• What Thomas Aquinas might say about #Hamas' tunnels:
  • The Jewish bachelorette has spoken.
  • "When it comes to Brenda Turtle, I ask you: What do you expect of a woman repressed all her life who suddenly finds herself free to explore? We can sit and pass judgment, especially when many of us just simply “got over” own sexual repression. But we are obliged to at least acknowledge that this problem is very, very real, and that complete gender segregation breeds sexual repression and unhealthy attitudes toward female sexuality."
  • "Everybody is proud of the resistance. No matter how many people, including myself, disapprove of or even hate Hamas and its ideology, every single person in Gaza is proud of the resistance." Part 2 of Walid Abuzaid's on-the-ground account of life in #Gaza:
  • After years in storage, Toronto’s iconic red-and-white "Sam the Record Man" sign, complete with spinning discs, will return to public view near its original downtown perch. The sign came to symbolize one of Canada’s most storied and successful Jewish family businesses.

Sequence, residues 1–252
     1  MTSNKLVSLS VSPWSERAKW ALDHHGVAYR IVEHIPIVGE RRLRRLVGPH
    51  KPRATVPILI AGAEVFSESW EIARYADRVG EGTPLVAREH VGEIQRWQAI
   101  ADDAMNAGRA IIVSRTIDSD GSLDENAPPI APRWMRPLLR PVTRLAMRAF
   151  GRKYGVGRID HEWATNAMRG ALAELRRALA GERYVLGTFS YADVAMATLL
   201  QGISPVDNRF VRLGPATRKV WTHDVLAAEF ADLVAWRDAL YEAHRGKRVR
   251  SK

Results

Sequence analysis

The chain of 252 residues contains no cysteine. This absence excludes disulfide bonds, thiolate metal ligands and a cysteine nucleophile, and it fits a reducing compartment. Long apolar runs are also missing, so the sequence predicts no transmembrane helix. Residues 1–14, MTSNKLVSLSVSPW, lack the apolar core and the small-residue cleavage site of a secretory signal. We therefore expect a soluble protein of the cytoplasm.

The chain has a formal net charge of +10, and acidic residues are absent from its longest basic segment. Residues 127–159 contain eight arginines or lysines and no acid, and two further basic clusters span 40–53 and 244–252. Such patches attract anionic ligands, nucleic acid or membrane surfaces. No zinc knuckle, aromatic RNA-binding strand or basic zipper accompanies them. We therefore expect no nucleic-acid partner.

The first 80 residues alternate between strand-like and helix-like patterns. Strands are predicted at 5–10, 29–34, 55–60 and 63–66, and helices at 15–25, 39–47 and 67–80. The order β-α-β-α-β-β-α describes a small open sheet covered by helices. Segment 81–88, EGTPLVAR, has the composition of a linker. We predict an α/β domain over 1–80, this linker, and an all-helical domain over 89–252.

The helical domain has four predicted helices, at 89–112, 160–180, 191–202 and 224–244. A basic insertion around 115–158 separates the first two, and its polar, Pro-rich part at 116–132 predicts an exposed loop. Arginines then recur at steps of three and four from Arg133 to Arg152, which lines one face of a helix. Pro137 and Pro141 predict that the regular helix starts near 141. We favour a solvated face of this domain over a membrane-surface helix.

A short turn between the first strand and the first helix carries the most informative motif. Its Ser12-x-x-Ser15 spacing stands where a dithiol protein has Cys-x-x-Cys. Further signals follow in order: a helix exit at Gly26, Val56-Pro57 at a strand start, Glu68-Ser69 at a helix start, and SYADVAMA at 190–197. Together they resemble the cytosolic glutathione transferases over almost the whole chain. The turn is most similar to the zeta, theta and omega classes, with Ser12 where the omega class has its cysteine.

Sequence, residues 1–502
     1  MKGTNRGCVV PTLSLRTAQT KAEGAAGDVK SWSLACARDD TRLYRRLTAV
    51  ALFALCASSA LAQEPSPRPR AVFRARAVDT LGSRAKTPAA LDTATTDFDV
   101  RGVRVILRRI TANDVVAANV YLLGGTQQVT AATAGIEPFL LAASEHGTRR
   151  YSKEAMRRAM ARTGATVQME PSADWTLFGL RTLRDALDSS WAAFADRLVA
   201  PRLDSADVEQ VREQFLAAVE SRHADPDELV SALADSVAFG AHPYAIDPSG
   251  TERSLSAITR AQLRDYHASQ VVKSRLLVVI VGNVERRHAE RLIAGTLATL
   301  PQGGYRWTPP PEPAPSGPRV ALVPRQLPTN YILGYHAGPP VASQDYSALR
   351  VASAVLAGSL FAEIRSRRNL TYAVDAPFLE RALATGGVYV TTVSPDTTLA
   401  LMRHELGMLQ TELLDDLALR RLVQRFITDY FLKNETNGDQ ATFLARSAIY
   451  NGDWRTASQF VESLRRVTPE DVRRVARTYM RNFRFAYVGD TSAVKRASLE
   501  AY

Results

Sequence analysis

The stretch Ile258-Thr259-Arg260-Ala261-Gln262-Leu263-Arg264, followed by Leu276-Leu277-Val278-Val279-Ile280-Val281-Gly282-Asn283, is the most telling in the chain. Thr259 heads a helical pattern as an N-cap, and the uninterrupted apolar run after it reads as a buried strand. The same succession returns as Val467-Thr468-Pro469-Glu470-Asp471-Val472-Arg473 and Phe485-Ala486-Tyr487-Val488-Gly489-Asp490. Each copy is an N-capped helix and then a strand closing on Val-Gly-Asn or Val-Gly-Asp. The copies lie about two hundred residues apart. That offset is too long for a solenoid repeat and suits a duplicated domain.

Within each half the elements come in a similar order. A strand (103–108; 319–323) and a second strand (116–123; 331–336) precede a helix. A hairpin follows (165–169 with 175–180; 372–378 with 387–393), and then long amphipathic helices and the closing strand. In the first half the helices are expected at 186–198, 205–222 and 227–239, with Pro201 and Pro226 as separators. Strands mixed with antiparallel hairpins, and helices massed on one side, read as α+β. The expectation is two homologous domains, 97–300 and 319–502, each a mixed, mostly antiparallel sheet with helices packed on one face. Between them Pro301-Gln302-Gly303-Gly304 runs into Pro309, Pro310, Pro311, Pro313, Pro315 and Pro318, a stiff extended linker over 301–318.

• Is $4,000 too much to ask for a non-member to be buried in a synagogue cemetery?
  • "Let’s not fall into the simplistic us/them dichotomy of 'we were just minding our business when they started firing rockets at us.' We were not just minding our business. We were building settlements, manning checkpoints, and filling jails." What do you think?
  • from-cache

Would you like to receive updates about new stories?




















We will not share your e-mail address or other personal information.

Already subscribed? Manage your subscription.